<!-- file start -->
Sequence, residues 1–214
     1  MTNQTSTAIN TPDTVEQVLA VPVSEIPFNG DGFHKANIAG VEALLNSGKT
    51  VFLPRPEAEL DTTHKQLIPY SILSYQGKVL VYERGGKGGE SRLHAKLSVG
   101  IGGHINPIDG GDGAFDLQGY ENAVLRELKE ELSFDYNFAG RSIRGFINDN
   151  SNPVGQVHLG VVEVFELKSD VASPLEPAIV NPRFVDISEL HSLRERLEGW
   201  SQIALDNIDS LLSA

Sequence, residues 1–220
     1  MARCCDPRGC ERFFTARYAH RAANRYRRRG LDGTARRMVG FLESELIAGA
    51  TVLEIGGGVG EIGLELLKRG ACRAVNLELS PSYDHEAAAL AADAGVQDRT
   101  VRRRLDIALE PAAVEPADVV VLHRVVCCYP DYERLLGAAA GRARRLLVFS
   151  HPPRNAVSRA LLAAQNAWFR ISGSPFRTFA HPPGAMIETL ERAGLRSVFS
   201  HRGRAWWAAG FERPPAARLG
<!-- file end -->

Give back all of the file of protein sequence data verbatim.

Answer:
Sequence, residues 1–214
     1  MTNQTSTAIN TPDTVEQVLA VPVSEIPFNG DGFHKANIAG VEALLNSGKT
    51  VFLPRPEAEL DTTHKQLIPY SILSYQGKVL VYERGGKGGE SRLHAKLSVG
   101  IGGHINPIDG GDGAFDLQGY ENAVLRELKE ELSFDYNFAG RSIRGFINDN
   151  SNPVGQVHLG VVEVFELKSD VASPLEPAIV NPRFVDISEL HSLRERLEGW
   201  SQIALDNIDS LLSA

Sequence, residues 1–220
     1  MARCCDPRGC ERFFTARYAH RAANRYRRRG LDGTARRMVG FLESELIAGA
    51  TVLEIGGGVG EIGLELLKRG ACRAVNLELS PSYDHEAAAL AADAGVQDRT
   101  VRRRLDIALE PAAVEPADVV VLHRVVCCYP DYERLLGAAA GRARRLLVFS
   151  HPPRNAVSRA LLAAQNAWFR ISGSPFRTFA HPPGAMIETL ERAGLRSVFS
   201  HRGRAWWAAG FERPPAARLG